How is Blue Light is Different from Infrared Light and UV light?

With so many warnings and articles out there about harmful lights and rays on the color spectrum. The newest addition to the group of harmful rays is Blue Light. It is important to note that this light is different from infrared and UV (ultraviolet) light. They can all affect our skin, eyes, and other bodily functions, and overexposure can be costly. For each of these rays/lights, there is a specific way to reduce your exposure without significantly altering your day-to-day habits. Explore the differences and the ways to reduce your blue light exposure below!

What is Blue light? 

Blue light is a visible color on the light spectrum. Even though it is one of the shortest wavelengths, it produces the highest energy out of all the visible colors. This affects your eyes when we look at screens, use technology, and turn on the lights in our homes. Because blue light has such high energy, it tends to flicker longer and easier than its weaker light counterparts. The flicker of the blue light creates a glare that affects your sight because it breaks your concentration and strains your eyes resulting in unclear vision, headaches, and fatigue. It can also affect your melatonin levels if used in the hours before bed, making it hard to fall asleep at night. 

girl on laptop in the dark

To alleviate the side effects that come from overexposure to blue light, consider purchasing computer glasses or amber glass (100% blue light blocking glasses), or using a combination of both. You can purchase computer glass, which can block up to 45% of blue light, on Amazon. Back before electricity, humans were only exposed to blue light during the day and there would be no blue light at night so falling asleep was never an issue. Now we are exposed to blue light all hours of the day and night, which is why our bodies can’t tell it’s time to fall asleep. To help, in the hours leading up to your bedtime, put on the amber glasses, which block 100% of blue light exposure, which will allow your body to produce a sufficient amount of melatonin.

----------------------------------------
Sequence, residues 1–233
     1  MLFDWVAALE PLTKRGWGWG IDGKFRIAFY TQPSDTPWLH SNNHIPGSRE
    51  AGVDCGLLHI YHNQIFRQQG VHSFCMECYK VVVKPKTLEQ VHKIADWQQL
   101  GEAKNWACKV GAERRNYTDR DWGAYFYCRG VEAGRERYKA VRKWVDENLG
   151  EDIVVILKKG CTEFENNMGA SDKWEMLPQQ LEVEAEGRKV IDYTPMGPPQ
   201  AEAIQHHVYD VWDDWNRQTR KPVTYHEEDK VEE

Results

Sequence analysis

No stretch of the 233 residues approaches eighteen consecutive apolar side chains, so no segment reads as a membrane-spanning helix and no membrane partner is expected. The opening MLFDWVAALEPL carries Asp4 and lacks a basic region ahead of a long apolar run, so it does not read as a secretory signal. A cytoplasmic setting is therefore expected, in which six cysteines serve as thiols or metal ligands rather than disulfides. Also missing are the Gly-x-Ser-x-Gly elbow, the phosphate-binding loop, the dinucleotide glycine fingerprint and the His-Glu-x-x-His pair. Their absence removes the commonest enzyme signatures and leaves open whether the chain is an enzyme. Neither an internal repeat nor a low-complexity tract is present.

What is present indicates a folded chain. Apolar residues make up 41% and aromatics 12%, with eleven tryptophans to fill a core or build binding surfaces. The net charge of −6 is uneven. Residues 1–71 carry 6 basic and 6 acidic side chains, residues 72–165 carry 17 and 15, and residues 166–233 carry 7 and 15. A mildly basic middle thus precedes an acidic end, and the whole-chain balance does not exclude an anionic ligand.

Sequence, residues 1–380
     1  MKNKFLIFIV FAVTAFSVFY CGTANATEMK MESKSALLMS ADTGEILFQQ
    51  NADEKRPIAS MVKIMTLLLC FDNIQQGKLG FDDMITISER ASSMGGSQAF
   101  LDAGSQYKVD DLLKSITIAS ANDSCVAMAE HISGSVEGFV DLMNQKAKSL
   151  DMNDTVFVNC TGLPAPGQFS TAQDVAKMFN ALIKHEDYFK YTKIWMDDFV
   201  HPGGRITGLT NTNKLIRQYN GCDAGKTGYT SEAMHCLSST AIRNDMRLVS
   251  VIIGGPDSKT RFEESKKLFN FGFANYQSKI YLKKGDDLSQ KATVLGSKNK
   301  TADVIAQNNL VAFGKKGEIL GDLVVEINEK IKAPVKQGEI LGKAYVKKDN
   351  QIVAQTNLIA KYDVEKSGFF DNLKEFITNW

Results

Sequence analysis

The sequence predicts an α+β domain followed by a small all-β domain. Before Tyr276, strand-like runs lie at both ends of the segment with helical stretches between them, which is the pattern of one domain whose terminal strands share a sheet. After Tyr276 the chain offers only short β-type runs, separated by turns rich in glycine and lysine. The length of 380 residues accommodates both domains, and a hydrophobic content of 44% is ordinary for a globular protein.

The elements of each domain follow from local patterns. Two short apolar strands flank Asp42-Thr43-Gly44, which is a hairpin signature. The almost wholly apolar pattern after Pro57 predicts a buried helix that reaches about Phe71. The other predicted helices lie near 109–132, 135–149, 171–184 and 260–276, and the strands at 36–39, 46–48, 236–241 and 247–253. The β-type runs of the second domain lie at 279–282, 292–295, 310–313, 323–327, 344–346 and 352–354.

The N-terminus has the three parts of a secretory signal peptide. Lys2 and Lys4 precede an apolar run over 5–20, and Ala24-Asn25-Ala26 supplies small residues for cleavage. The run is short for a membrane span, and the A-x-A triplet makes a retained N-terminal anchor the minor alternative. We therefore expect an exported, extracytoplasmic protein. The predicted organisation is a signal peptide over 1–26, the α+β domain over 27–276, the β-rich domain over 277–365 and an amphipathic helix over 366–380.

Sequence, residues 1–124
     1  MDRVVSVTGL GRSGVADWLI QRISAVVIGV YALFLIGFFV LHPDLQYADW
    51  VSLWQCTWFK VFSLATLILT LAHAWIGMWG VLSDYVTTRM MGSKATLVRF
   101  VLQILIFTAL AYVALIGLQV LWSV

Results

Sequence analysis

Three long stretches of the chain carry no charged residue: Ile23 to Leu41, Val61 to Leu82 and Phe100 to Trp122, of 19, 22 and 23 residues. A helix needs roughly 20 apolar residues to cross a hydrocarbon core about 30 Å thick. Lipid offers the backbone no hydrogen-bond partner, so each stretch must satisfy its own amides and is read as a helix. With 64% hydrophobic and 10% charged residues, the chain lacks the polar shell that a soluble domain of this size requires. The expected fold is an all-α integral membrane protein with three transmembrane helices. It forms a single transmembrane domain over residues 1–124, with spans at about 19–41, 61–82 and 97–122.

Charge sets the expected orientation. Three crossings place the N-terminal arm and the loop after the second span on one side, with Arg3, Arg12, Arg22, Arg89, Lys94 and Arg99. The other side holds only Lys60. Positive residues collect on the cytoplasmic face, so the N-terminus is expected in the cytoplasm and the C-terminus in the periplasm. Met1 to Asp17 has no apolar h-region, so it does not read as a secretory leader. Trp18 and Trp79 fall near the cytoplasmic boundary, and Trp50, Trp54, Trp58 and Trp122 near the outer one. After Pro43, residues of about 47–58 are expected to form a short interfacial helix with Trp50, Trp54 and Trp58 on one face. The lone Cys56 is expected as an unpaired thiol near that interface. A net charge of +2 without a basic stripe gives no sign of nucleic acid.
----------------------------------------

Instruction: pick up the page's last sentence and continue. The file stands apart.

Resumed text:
What is Infrared Light?

Infrared light is a part of the electromagnetic spectrum, just out of the range of the visible light spectrum, and can only be felt as heat. These light waves are too long which is why we can’t see them but are commonly recognized by hunters and other heat detection technology. This light in excessive exposure can be harmful but is much rarer to have any serious implications from it. It is best when using sensors, lamps, and other devices that involved infrared lights, to not look directly into them. If you have to because of a sensor, be sure to mot look for long and give your eyes breaks in between so they can recover. 

a hunter and his dog in field

What is UV light?

UV or ultraviolet light is on the other end of the visible light spectrum, next to blue light but is too short to be visible. Similar to the high energy of blue light, UV or blue-purple light is harmful and can cause sunburns, tans, and eye damage. The only real upside to UV rays is that they allow our bodies to make vitamin D. Vitamin D helps us start strong and healthy by specifically assisting in our bones and muscles. Of course, whether you are in direct sunlight or not, you should always wear sunscreen of 30 SPF or higher to prevent sunburns and possible skin cancers down the road. 

girl in sun rise

To wrap things up…

UV light, infrared light, and blue light all come with their list of precautions, but none of them are 100% avoidable and that is okay. For thousands of years, humans have lived and never worried about how the light might be affecting their bodies. However, as humans and technology have evolved, so has our exposure to blue light specifically. If you want to learn more about what blue light is and how to prevent it, check out our discussion on ‘Why You Should Use LowBlueLights Products.’


Ready to reduce your blue light exposure? 

Check out our products today!

CLICK HERE


Sources:

https://raleigheyecenter.com/blog/how-blue-light-uv-and-infrared-light-affect-our-eyes

https://blutechlenses.com/blog/what-is-blue-light/